Dec 302010
 

Skype video calling is now available for several iPhone and iPod Touch versions, just in time for New Years and then CES. The experts cover the details here. Don’t forget the journey to get here though – Jim Courtney has an excellent recap here.

However, this is just a start to a new leg of the journey, not a final destination. Areas to watch going forwards:

Mobile video interoperability, across vendors:
Ok, video calling interop doesn’t belong in sentences with mobile video calling yet…most vendors have limited interop even amongst their own videoconferencing and telepresence platforms. Skype for iPhone can’t talk to Skype for TV. Facetime won’t work for most Apple OS versions. Even outside of mobile, Cisco Umi doesn’t yet talk to enterprise Cisco telepresence. However, until we have better interoperability, video calling and telepresence won’t really take off.

Unified communications
Not the vendor view of buy all equipment and services from one vendor ; ), but the user view. Instead of communications streams that are fragmented – by type (voice, video, IM, SMS) or provider (Verizon, Skype, Twitter, Facebook) – those steams are unified and controlled by me. This is a step in that direction because now I can do a video call with Skype as the video provider, Apple iOS as the platform and AT&T as the signal provider. More on this another time, especially the video aspects since that’s my job.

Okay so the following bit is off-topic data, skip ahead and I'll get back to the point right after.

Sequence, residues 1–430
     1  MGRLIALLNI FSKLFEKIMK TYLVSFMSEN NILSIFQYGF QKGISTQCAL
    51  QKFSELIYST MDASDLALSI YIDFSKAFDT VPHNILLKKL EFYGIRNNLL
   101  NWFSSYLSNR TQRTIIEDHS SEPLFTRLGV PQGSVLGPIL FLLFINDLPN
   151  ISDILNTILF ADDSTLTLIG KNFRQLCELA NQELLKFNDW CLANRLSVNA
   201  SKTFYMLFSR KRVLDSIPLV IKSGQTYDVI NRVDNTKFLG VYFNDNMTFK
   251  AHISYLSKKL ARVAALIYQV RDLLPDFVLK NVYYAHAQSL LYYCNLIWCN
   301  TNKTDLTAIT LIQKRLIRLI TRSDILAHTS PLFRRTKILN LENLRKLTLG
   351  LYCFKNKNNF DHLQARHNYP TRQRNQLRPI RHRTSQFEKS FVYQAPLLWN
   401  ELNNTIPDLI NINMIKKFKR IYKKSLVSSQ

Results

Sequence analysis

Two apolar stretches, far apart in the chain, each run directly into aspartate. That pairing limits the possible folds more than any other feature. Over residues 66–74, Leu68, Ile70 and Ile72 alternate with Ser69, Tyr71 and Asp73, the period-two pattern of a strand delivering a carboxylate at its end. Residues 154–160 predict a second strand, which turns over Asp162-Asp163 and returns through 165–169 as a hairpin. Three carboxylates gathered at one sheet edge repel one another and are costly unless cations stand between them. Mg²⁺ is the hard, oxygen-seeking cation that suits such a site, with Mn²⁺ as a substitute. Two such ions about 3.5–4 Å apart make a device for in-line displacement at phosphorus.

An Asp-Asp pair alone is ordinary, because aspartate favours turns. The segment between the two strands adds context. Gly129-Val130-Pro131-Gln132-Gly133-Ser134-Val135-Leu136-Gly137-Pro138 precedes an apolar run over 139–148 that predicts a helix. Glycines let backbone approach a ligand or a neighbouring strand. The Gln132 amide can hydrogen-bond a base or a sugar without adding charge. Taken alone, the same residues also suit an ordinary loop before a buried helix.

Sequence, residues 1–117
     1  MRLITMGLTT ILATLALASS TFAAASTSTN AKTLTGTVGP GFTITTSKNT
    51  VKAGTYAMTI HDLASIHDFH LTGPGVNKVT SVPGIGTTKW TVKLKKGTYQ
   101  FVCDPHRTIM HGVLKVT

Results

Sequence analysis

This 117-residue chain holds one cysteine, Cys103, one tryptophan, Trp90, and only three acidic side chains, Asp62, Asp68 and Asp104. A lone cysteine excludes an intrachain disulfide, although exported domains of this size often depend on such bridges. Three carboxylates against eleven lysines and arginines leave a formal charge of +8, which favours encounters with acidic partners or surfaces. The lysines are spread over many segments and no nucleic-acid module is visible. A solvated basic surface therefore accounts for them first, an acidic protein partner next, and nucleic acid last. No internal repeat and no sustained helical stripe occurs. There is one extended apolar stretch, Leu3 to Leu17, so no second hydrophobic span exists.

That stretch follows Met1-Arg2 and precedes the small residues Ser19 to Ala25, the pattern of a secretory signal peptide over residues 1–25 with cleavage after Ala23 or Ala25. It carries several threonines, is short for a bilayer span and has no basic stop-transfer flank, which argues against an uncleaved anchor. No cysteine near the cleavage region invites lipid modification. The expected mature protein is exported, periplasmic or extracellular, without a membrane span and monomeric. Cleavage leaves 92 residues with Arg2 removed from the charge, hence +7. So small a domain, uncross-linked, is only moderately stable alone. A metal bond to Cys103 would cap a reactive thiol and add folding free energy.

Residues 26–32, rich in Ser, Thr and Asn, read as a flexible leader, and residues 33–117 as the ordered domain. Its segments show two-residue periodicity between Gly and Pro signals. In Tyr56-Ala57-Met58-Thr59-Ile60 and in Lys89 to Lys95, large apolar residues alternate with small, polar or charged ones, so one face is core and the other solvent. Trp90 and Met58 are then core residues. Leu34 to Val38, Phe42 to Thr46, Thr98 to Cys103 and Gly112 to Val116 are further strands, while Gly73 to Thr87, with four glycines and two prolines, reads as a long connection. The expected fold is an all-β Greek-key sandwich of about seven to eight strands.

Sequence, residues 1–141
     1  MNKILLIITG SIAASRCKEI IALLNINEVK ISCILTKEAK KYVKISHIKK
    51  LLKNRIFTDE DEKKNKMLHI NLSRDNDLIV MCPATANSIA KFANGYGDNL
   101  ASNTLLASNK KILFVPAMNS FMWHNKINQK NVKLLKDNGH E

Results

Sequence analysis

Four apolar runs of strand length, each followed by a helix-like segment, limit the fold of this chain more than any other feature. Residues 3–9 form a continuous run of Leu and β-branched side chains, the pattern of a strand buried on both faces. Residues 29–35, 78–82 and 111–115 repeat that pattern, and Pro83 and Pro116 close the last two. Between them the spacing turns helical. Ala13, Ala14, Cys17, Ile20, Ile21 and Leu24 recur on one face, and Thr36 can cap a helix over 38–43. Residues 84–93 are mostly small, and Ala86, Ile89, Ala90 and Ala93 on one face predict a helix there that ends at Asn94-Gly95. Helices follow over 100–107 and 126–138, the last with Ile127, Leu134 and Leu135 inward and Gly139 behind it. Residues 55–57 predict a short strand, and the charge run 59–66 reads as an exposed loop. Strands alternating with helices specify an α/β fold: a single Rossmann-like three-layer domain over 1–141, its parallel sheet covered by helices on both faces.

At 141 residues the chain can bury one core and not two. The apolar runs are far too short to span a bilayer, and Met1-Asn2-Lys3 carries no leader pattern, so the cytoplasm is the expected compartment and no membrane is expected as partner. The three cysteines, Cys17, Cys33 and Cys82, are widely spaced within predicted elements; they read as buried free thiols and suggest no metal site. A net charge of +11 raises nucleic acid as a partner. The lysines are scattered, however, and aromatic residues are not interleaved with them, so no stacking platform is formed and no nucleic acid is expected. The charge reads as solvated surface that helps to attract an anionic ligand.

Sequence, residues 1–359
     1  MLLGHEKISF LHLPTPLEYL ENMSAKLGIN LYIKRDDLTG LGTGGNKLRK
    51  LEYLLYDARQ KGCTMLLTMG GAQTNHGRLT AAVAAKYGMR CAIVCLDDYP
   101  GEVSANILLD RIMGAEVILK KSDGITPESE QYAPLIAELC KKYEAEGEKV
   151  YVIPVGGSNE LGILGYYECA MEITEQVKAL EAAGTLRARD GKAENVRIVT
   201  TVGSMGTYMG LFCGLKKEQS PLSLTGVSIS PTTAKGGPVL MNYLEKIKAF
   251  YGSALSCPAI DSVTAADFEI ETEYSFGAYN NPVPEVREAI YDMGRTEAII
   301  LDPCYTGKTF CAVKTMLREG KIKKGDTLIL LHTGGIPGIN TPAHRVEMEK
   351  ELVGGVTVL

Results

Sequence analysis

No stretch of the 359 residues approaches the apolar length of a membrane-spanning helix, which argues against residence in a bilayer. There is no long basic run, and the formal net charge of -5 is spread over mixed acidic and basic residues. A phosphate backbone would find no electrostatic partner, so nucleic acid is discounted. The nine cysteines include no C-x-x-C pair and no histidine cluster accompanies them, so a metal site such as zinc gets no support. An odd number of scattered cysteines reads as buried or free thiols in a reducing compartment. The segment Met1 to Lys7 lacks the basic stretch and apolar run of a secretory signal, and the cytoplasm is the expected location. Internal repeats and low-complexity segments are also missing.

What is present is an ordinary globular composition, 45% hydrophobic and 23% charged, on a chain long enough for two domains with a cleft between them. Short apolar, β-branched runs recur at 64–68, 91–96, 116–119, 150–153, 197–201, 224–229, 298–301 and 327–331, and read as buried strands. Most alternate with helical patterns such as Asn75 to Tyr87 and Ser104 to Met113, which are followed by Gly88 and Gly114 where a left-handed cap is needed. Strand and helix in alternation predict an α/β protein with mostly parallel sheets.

Mobile video applications:
The mobile video call itself is an app. But more interesting will be apps that leverage mobile video calling as a capability. I’m thinking of apps in areas like healthcare, education and science.

Skype video usage on iPhones vs Apple’s Facetime video usage:
This will mainly be about ease of use and reach. Skype has about 10x the potential users and can be used on 3G and WiFi (Facetime, unhacked, is only for WiFi, though that will likely change soon). Facetime doesn’t need to be downloaded and has iPhone directory integration.

Android and other mobile OS video calling:
Skype will also go to Android, maybe in time for CES. Gtalk video, Google’s video, will likely be the main Android alternative. Total Android usage vs. total iPhone usage will be very interesting. Wildcard: Google or Apple could buy Skype. Wildcard2: Microsoft or Palm/HP going with standards based video calling.